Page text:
Suggested Stocking Rates (for each acre of water)

Large Grass Carp
Weed Problem
Number of Amur
New pond or very slight weed problem 5
Moderate weed problem (10 to 20% coverage) 10 to 15
Severe Weed Problem 15 to 20+
From: Utilizing Triploid Grass Carp For Aquatic Vegetation Control in Ponds Forrest Wynne, Area Extension Specialist for Aquaculture, Kentucky State University Cooperative Extension Program, P.O. Box 3327, West Somerset, KY 42564-3327 (606) 679-2090

State regulations.

Pennsylvania requires that the pond owner have a permit before stocking amur. Some states do not allow grass carp at all. Most states require that they be certified "triploid." This means that the fish have a split chromosome so the sex cells cannot combine for fertilization. Triploids are produced by temperature shocking the developing eggs. This kills 90% of them and the survivors are effectively sterile. Verification of the Triploid condition requires expensive equipment, is labor intensive and time consuming. This process is the reason for the high cost of these fish.


Grass CarpGrass Carp can reach a size of at least 35 to 40 lb. in ponds in mid-western states. Their life expectancy is 8 to 12 years. Some do live longer, but the larger they get the less they eat so they are less effective in plant control. Older fish give the impression of being related to submarines. They can reach 4 feet and 100+ pounds in their native rivers. Amur are usually stocked at 10 to 12 inches. An 8 inch minimum is a required to keep them from becoming expensive bass feed!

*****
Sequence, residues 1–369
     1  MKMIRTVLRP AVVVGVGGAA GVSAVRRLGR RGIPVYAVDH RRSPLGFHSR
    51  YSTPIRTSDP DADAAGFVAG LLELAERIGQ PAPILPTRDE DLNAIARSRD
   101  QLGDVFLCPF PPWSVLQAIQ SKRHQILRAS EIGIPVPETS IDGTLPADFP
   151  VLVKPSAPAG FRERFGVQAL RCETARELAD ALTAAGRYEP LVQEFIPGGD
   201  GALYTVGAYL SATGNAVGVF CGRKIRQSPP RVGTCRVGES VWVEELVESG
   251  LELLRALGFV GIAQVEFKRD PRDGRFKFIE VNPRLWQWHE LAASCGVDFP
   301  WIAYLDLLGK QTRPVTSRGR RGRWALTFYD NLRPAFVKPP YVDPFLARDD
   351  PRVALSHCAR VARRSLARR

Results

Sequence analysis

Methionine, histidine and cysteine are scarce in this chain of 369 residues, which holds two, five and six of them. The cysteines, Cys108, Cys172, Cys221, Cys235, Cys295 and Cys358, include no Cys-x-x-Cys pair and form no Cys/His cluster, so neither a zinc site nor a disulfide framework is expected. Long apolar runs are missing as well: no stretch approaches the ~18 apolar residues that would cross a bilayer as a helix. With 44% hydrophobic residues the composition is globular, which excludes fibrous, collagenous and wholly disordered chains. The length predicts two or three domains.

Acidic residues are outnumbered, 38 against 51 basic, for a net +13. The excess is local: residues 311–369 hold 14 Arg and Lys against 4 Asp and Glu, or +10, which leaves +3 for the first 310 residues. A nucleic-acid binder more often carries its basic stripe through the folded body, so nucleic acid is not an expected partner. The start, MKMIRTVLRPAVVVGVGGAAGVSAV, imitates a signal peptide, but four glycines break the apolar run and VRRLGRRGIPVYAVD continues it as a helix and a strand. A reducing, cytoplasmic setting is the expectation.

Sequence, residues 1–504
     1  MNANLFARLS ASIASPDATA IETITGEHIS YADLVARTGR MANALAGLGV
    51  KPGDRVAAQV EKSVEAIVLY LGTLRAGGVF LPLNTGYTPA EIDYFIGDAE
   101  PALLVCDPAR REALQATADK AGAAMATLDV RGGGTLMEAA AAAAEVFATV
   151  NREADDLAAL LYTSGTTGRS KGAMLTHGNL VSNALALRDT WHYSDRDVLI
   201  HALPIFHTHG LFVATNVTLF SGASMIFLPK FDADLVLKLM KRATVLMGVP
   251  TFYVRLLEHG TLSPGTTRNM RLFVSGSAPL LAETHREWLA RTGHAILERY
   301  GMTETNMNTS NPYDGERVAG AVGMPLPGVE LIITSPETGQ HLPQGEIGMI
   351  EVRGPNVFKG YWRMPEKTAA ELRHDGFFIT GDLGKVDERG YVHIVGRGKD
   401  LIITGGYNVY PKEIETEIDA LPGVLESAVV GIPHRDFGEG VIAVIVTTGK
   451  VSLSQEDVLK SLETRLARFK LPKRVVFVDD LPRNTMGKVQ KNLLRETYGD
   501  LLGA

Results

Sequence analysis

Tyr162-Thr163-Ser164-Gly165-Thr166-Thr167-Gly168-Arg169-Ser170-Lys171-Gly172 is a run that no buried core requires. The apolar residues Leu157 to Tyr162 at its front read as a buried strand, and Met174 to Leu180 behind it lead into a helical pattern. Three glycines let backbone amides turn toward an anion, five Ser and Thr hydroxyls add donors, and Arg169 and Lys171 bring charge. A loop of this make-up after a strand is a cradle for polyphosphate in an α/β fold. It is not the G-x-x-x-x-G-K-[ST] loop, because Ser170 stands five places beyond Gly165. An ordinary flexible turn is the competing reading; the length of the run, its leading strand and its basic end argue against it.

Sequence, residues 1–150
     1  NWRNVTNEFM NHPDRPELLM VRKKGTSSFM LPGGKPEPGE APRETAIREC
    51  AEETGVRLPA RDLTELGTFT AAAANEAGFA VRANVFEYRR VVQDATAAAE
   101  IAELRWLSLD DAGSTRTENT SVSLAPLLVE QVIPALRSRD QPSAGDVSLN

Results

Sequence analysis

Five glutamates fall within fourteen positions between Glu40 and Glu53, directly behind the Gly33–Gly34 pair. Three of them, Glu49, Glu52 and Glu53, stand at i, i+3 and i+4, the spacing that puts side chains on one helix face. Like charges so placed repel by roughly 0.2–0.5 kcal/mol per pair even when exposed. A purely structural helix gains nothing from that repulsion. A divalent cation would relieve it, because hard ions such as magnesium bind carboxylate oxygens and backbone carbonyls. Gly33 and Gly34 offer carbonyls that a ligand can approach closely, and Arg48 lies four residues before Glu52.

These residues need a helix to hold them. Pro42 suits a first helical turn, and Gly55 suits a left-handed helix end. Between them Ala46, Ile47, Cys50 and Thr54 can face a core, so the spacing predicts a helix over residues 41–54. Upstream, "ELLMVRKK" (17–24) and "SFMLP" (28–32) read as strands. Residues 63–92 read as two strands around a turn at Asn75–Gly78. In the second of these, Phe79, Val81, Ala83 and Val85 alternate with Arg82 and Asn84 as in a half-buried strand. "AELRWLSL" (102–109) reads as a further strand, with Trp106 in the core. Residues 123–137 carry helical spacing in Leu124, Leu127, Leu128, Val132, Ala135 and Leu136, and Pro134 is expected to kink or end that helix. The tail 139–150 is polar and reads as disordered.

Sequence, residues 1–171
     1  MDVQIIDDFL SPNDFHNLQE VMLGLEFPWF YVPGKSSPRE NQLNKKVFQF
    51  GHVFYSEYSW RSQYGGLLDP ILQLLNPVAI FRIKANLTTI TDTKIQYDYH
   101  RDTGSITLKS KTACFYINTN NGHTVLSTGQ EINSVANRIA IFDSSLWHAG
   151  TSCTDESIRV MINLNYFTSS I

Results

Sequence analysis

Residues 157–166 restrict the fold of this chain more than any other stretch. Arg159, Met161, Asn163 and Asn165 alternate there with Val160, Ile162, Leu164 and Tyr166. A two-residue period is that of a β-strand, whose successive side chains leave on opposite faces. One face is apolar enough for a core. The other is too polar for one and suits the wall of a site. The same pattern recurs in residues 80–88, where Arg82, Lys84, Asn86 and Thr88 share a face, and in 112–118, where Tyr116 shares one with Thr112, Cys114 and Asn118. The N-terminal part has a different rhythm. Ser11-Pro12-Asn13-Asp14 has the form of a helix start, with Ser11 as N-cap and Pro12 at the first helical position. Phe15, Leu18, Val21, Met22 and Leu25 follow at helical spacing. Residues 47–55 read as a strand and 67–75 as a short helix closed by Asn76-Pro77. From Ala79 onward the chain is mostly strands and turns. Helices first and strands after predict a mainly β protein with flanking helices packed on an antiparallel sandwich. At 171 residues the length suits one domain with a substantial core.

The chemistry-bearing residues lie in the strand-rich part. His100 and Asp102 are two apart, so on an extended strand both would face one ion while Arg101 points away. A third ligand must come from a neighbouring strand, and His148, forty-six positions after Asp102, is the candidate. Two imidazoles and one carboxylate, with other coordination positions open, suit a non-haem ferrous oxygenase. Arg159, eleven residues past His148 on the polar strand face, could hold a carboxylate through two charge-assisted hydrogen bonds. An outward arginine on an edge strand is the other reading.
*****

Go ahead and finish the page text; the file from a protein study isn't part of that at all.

Once grass carp have been stocked it is too late to change your mind. Amur are very active and alert. They avoid traps and seines.

What do amur eat?

Grass carp prefer some plants over others just as some people don't like spinach or broccoli. Plants that are not preferred will be consumed only after the favorites are gone. Grass carp DO NOT control algae, duckweed, and watermeal.

Some Plants that Grass Carp are considered to control.

Bladderwort Naiads
Chara Parrotfeather (Myriophyllum)
Coontail (Ceratophyllum) Pondweeds (Potamogeton)
Fanwort Widgeongrass
Hydrilla Spike rush

Some plants that Grass Carp DO NOT control.

Alder Rushes
Alligatorweed Sedges
American lotus Smartweed
Arrowhead Spatterdock
Button bush Southern watergrass
Cat tails Torpedograss
* Duck weeds Waterhyacinth
** Filamentous algae * Watermeal
Fragrant waterlily Water pennywort
Frogbit Water primrose
Maidencane Watershield
Pickerelweed Willows
Planktonic algae White waterlily
* Grass Carp will consume duck weeds and water meal but they may not be able to control the populations of these plants.
** Filamentous algae may be controlled by grass carp 2-4 inches in length in ponds without predators. Larger fish may consume filamentous algae but it is not a preferred food and effective control may be unpredictable.
Source: Utilizing Triploid Grass Carp for Aquatic Vegetation Control in Ponds Forrest Wynne, Area Extension Specialist for Aquaculture, Kentucky State University Cooperative Extension Program, P.O. Box 3327, West Somerset, KY 42564-3327 (606) 679-2090.